(Bike build can be found here)
From freezing snowy mountains to hot arid deserts, cycling the entire length of the Americas involves a number of different climatic conditions. Trying to be fully prepared yet at the same time travel as lightweight as possible can pose some significant challenges. Like most people travelling on a bicycle, I have no desire to carry extra gear unnecessarily.
After cycling the Great Divide Mountain Bike Route, the need for winter gear greatly diminished; my route into Mexico followed Baja California, the coast of Mexico and then through Central America (route here). After reaching Colombia, I realised that the only times when I had any sort of inclination to wear gloves or my goose down jacket were at places like the top of Tajamulco (the highest peak in Central America). The thing is, one can always find a way to get by in these situations if there are few enough of them; borrow an extra jacket or wear a pair socks on your hands, for example, or just put up with the temporary hardship. This is how I tend judge whether or not something is worth carrying. If it doesn’t significantly add to my enjoyment / happiness level and I’m not using it regularly and it isn’t essential for survival then I have to seriously wonder whether it’s worth lugging up and down the hundreds of vertical kilometres that a route may entail. Perhaps the question one should ask oneself is ‘can I put up with the hardship of not having it for those few times that it’s actually useful?’. Or, ‘will it really make that much difference to my overall happiness on this trip?’.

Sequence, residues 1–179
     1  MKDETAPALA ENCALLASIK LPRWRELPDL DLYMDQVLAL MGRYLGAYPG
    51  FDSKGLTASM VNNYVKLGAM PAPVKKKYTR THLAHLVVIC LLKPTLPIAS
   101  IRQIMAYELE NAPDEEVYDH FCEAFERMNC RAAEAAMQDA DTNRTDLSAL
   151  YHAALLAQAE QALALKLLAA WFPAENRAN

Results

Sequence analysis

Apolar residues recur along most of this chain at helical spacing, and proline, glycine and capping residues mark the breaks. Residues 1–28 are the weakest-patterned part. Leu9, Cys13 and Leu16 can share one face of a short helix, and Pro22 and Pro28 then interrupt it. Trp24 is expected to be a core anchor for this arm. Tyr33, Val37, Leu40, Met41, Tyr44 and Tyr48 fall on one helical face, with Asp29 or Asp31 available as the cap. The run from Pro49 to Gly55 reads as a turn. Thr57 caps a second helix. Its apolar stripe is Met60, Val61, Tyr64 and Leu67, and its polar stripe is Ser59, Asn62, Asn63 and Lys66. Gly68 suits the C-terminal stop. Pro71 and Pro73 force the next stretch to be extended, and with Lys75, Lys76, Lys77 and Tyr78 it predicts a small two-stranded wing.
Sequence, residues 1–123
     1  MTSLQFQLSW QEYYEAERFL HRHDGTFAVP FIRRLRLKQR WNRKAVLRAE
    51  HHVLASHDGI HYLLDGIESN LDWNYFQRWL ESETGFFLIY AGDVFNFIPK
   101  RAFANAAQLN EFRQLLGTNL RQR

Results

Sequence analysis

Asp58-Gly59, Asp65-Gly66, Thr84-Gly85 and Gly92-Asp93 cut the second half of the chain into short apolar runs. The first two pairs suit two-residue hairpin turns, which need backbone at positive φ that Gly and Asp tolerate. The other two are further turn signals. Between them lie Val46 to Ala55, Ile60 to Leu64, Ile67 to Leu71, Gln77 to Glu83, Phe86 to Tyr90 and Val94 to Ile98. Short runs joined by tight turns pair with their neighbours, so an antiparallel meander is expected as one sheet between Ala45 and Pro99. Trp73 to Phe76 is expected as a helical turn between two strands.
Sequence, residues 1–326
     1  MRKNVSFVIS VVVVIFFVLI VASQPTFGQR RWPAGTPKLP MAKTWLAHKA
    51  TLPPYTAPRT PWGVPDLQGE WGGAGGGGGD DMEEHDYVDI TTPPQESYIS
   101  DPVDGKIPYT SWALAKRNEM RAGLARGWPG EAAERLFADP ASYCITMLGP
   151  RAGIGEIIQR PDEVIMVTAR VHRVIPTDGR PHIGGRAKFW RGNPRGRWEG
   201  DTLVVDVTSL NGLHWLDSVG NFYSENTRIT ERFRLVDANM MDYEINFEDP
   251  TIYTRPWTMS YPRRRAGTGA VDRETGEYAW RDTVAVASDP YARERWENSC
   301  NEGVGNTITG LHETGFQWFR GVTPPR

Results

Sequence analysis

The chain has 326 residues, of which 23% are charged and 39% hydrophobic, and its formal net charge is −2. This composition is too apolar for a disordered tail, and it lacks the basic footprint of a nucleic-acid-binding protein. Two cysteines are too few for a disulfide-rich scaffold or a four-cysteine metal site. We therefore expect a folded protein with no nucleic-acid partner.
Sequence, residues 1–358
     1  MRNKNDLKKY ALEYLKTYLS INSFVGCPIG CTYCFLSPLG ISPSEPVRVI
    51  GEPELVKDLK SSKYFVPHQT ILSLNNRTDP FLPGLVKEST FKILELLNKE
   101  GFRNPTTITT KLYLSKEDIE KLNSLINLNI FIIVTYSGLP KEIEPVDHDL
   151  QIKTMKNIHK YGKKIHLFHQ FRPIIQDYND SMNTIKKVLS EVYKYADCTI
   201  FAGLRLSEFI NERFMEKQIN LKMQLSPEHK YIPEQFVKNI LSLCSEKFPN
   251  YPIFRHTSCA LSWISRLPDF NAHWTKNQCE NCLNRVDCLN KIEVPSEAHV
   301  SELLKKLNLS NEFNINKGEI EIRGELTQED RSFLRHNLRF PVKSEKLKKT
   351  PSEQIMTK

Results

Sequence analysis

For someone planning a similar route to me it may be prudent to consider posting their winter gear from the border of Mexico to Colombia, where it will once again be needed for the potentially freezing conditions in the Andes. This would avoid carrying it needlessly through Mexico and Central America for a few months. However, I’m less familiar with the mountains through the centre of Mexico; perhaps winter gear is necessary on some of the higher routes or maybe you might want to go mountaineering. Anyway, in order of my ‘perceived’ importance, here’s my list: